Our 5th annual Great American Tree compeition received 25 nominations! We have tallied over 6,000 votes on outstanding trees that each uniquely represent our nation's beautiful and diverse canopy. Our top 3 trees with the most member votes are (in no particular order): Quamal the douglas fir, Rosa the ponderosa pine, and the cottonwood trees.

The 2019 Great American Tree is... Rosa the Ponderosa Pine of the Black Hills of South Dakota! This tree embodies the American spirit with her resilience and stature. She is a testament to the ever-lasting legacy trees can leave on their community. Rosa has overcome many environmental changes and challenges throughout her 738 years. This tree has stood tall after a lightning strike, bug infestations and the consequences of climate change. Her adaptations and resilience have taught scientists many things about landscape changes in her community. "We have a lot to learn from this great American tree that has been there through all of our histories as a Nation and for so much of history of the Black Hills." Nominated by Rachel Ormseth and Frank Carroll. More here.

We are also happy to announce the cottonwood trees planted by "Pa" Ingalls as our first runner up! These five trees have rich historic roots in South Dakota. More here.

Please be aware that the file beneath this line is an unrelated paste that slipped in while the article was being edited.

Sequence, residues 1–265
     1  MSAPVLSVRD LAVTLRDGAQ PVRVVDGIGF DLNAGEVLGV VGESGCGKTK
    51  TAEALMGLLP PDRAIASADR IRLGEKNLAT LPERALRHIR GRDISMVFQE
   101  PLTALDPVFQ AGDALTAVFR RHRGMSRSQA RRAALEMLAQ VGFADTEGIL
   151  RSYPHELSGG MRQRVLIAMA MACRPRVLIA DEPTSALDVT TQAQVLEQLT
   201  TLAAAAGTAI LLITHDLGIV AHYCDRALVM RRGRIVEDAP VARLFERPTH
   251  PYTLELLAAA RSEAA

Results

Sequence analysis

Quamal, one of the world's largest known Douglas firs in the Olympic National Forest in Washington state, is our second runner up. More here

Thanks for your participation in the Great American Tree Competition!

Rosa the Ponderosa Pine

Rosa the Ponderosa Pine lives in the Black Hills of South Dakota, is 24” diameter at breast height, and stands roughly 60 feet tall. From a seedling in 1281, Rosa is 738 years old and has provided a multitude of information on historic climatic patterns from the 13th century through the 20th century. Rosa’s location is not disclosed to protect her from vandalism. She was sprayed with insecticides to protect her from the worst of the mountain pine beetle (Dendroctonus ponderosae) epidemic that began in the Black Hills in 1997 and is still active. Frank Carroll has worked closely with Rosa during his time with the Forest Service and is intimately familiar with her value as a living treasury of our history. Shelley Deisch, State of South Dakota Division of Wildlife, first cored Rosa in the 1980s as a graduate student working on a climate study that used tree rings as indicators of drought. 

Rosa is a living testament to how tough trees can be and provides important insight into all of the environmental factors trees must deal with to survive. Rosa embodies the American spirit of resiliency and enduring tough obstacles and adverse circumstances. We have a lot to learn from this great American tree that has been there through all of our history as a Nation and for so much of history of the Black Hills. Rosa watched General Custer ride through the Hills in 1874. She witnessed Crazy Horse and so many other heroes of the Hills through time. She stands today, a silent but watchful sentry over centuries of forest management, wildfires, insect attacks, and climate change.


Rachel Ormseth, State of South Dakota, Division of Forestry; 

Frank Carroll, Professional Forest Management, LLC PFMc

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2019's Great American Tree is.. Rosa the ponderosa pine! Read more about her here.

Winner announced on July 4th!